“Young employees at Mayekawa are often asked where they want to be 30 years from now. It is a long term perspective. And it isn’t over at 60 years of age, or even 70 or 80,” explains Kohlbacher. “You are still being asked then what you want to do in 10 or 20 years’ time.”
How the system works in practice is that employees over 60 usually give up certain responsibilities and have a reduction in wages. However, this provides them with the opportunity to brush up on skills, guide younger employees on projects, and help them to develop new ideas or enter new fields.
According to mature-age employees at Mayekawa, social security benefits and bonus payments usually make up the shortfall in wages. The continued employment offers them economic security and a “continuing purpose” for living.
Basho managementMr. Maekawa explains that it is outdated to view a life as divided into different phases such as childhood, youth, middle age and old age, with 60 set as our use-by date. “There will soon be the era when people share the richness of life by being more conscious about the overall and temporal viewpoint of ‘lifetime.’”
One example is provided by an engineer who worked until he was 95 (he died in 2011 aged 99). At Mayekawa, it takes 10 years to become a qualified engineer in one of its business fields. Wahei Inoue started with electrical engineering, then went into mechanical engineering, and then added control systems and thermal dynamics. During this 30-year period, Maekawa explains, the engineer developed his own unique world, which was then put to the benefit of the company. “This is only achievable as people grow older,” he says.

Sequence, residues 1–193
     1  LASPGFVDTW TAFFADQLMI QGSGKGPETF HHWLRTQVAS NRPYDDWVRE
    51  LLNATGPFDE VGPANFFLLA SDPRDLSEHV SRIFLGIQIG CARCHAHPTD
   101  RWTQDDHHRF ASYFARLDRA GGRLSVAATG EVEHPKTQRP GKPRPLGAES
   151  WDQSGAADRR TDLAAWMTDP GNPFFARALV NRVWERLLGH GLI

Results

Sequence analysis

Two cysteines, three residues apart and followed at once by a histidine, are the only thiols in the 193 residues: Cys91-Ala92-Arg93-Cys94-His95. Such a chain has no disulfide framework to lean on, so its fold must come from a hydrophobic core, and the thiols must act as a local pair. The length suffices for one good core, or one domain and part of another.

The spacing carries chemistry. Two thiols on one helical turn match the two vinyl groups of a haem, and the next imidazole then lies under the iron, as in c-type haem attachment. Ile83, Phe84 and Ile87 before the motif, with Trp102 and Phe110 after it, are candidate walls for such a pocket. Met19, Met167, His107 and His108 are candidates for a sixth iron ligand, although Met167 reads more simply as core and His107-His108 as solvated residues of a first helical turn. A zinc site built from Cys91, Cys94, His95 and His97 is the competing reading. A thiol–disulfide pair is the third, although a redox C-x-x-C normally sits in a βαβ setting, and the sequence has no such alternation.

Could Mayekawa’s multi-generation approach provide a role model for other companies? Florian Kohlbacher believes so, but cautions that it could be difficult to implement outside Japan. The approach to mature-age employees is actually only a small part of an overall management philosophy known as “basho management,” a concept based on Kitaro Nishida’s (1879-1945) basho philosophy.
A complex existentialist approach, some aspects of the philosophy have been implemented at companies such as Sharp and Toshiba. Basho can be thought of as shared space that can be physical, virtual or mental, or any combination of the three. Advocates say it provides a platform for dynamically advancing individual and collective knowledge.
At Mayekawa, basho is implemented as a holistic approach to ensure the company continues to innovate well into the future. The age policy, says Maekawa, who is more skeptical of its effective implementation outside Japan, is only one aspect of the global management philosophy. “Age policies are about human resource processes. If you change the age management, you may improve certain aspects over the longer term, but this will never result in a superior company unless basho is taken as an entire management concept.”
This article was first published in Project M